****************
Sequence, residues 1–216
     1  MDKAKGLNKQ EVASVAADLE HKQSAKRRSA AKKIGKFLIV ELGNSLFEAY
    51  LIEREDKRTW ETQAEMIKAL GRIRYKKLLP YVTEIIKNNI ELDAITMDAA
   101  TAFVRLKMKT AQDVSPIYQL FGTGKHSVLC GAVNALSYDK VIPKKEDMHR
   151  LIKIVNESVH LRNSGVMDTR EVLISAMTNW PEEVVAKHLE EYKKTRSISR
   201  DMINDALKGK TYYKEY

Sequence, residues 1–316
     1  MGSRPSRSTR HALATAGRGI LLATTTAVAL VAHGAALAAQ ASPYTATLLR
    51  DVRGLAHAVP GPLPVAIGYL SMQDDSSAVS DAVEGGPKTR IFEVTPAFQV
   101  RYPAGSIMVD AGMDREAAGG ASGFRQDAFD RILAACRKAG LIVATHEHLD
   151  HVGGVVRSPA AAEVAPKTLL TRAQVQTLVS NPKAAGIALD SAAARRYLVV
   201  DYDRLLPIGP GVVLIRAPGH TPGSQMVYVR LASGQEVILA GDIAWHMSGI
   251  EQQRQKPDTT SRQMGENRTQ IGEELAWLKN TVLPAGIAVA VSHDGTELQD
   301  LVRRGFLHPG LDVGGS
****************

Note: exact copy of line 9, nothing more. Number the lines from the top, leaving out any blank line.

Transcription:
    51  DVRGLAHAVP GPLPVAIGYL SMQDDSSAVS DAVEGGPKTR IFEVTPAFQV